Kabul: All nine troops killed in a helicopter crash earlier this week — the worst for the coalition forces in four years — were Americans, the Pentagon confirmed, although it refused to provide further information on why the aircraft went down.
NATO said there were no reports of enemy fire in a rugged area in the Daychopan district of Zabul province, where the crash took place on Tuesday. But Taliban spokesman Qari Yousef Ahmadi said that insurgents shot down the helicopter.
The Taliban often exaggerate their claims and sometimes take credit for accidents.
The US Defence Department released the identities of the troops late Wednesday, saying four were sailors and the rest were soldiers.
Fort Campbell spokesman Rick Rzepka said that the five soldiers were assigned to the 101st Combat Aviation Brigade.
Tuesday's crash was the deadliest since May 2006, when a Chinook helicopter went down while attempting a nighttime landing on a small mountaintop in eastern Kunar province, killing 10 US troops.
Aircraft are used extensively in Afghanistan by both NATO and the Afghan government forces to transport and supply troops because the terrain is mountainous and roads are few and primitive.
Lacking shoulder-fired missiles and other anti-aircraft weapons, the Taliban rely mostly on machine guns and rocket-propelled grenades to fire at aircraft during takeoffs and landings.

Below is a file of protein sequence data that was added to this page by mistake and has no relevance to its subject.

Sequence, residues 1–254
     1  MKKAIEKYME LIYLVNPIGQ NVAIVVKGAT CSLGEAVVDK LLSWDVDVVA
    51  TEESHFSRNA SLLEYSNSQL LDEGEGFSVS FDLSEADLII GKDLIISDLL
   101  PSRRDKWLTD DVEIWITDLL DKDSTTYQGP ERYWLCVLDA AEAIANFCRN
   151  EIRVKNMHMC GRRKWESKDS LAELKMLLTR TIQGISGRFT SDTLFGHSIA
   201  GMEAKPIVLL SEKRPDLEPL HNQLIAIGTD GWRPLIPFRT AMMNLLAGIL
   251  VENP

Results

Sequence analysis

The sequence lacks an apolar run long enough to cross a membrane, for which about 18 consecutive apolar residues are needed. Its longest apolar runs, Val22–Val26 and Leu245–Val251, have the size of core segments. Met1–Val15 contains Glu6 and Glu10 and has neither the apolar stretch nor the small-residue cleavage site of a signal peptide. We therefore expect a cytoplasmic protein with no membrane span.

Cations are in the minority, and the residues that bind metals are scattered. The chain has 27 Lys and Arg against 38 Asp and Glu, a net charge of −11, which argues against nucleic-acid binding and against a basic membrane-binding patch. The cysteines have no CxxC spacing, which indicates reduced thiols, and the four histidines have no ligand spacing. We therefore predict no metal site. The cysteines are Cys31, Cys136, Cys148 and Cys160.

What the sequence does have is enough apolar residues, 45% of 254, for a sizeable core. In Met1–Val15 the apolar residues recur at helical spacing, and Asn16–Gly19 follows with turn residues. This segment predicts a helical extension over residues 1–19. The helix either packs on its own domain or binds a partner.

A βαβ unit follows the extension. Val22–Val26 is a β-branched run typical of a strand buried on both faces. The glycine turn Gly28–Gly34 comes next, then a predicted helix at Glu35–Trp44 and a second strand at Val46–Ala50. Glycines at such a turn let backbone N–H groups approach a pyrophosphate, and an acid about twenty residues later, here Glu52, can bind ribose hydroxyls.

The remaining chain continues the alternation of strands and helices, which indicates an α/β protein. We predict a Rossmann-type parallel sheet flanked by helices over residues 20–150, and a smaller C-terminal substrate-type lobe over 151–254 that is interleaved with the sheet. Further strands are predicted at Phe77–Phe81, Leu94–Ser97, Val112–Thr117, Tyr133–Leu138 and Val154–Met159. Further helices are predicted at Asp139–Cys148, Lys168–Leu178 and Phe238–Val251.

Most helicopter crashes in the country have been accidents caused by maintenance problems or factors such as dust.
On Wednesday, NATO said insurgents attacked a NATO and Afghan army outpost in eastern Afghanistan near the Pakistan border and at least 25 of the militants were killed in the resulting skirmish.
Troops at the combat outpost in the Spera district of Khost province returned fire with mortars late Tuesday, killing 25 to 30 insurgents, NATO said in a statement. Initial reports found there were no civilian casualties, it said.
Gen Raz Mohmmad Horya Khil, a senior commander of the Afghan National Army in the province, said 29 insurgents were killed. There were no casualties among NATO or Afghan troops, he said.
Horya Khil said the attack, coming from the Pakistan side of the border, was directed at the Mir Safar joint-NATO and Afghan Army camp and lasted for more than two hours.
Bodies and weapons on the field were being recovered, he said.
Also on Wednesday, a NATO service member was killed by a homemade bomb in southern Afghanistan.
NATO provided no further details, but the Danish military announced in Copenhagen that the bomb blast killed a Danish soldier and seriously wounded another. The two members of the Royal Life Guards were on foot patrol in Helmand province when the bomb went off, it said.
Denmark has more than 700 troops serving in the NATO-led force. Most are based in Helmand province.
First Published: Thursday, September 23, 2010, 10:30